What's better than an orange bubble? An orange bubble weathered by Richie.... A gentle dusting really makes these the nicest of all the cement bubbles if you ask me. Really makes the detail pop out! Still in stock, but who knows for how much longer? https://irishrailwaymodels.com/product-category/freight-stock/cement-bubbles/
  7. 5 points
    Following the above information I decided to start converting my class 350/2 into the 8600 series DART. While the roof details and a number of others have not been fully done, I think that for N gauge there is sufficient to give a passable representation of this type of DART. As this will normally only be viewed at a distance it gives a reasonable impression of the DART. The following 5 photos show the completed model with all its short comings. MikeO
  8. 5 points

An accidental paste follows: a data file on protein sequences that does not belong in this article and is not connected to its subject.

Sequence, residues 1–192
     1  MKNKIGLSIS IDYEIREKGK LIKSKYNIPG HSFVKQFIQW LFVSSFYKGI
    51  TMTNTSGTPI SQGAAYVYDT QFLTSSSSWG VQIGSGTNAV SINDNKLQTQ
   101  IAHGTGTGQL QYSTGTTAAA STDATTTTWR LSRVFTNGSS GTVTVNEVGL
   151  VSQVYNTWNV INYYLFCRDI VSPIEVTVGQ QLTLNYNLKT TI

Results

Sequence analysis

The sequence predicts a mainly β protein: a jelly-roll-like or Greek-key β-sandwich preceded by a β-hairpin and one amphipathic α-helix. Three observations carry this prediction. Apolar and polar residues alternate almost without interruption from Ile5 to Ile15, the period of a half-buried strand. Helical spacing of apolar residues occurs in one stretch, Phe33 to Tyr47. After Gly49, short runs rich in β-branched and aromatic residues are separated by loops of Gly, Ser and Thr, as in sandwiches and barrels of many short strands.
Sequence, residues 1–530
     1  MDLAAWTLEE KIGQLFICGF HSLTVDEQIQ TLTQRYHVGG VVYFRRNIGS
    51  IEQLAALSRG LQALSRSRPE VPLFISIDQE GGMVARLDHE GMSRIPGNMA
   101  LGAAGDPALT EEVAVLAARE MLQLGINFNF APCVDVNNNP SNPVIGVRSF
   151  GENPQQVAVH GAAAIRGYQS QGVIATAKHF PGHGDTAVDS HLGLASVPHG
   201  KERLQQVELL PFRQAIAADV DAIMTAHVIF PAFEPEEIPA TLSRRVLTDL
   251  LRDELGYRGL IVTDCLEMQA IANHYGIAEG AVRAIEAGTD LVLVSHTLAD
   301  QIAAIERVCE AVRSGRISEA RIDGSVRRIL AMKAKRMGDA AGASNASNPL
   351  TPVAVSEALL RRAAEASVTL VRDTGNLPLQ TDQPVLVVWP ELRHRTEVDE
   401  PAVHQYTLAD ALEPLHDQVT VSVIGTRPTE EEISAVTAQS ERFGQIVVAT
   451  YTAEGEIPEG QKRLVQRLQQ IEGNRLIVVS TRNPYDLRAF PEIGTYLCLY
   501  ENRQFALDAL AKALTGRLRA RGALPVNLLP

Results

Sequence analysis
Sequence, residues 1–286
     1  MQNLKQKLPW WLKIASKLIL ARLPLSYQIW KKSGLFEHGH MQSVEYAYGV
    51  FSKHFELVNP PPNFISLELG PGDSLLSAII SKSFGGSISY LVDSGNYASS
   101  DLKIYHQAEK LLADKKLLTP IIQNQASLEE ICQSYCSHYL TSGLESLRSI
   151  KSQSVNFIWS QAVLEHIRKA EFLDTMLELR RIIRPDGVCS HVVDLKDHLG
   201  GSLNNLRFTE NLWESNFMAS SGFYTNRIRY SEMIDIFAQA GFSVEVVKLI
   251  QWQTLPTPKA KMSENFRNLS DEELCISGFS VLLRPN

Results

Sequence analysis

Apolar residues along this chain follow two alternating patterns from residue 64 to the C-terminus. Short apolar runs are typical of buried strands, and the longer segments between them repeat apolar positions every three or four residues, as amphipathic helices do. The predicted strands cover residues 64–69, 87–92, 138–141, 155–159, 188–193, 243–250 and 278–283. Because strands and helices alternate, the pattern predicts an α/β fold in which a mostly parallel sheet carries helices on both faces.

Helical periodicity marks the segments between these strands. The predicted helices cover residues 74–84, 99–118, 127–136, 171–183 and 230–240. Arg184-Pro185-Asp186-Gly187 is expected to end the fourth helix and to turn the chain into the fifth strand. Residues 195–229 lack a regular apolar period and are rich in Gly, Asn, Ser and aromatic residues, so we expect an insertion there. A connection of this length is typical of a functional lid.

At last, something positive is happening. Although I refer to this small shunting layout at Omagh, its really takes its name from the shunting operations there. The track work is similar in many ways to the Good Store and Omagh and the large Goods building will be modelled in time. The layout measures 4.2m in length with a baseboard width of 450. Each baseboard module is 650mm long and this was deliberate for two reasons. I didn't want to start crawling underneath to wire it so each module can be wired separately by simply unclipping it and turning it up on its edge. The other reason is that I may decide, somewhere along the line to exhibit although it won't happen for some time. To the opposite end of the Goods Store and yard will be Omagh's other goods department, the Market Branch. I'm waiting approval to go onto the property of Dunnes Stores to measure the Goods Store there, it is preserved in the car park there and its best to get permission. It is also pictured below. I'm waiting on the arrival of an extra fine razor saw to cut the track joints and start wiring this week. Hope you like it.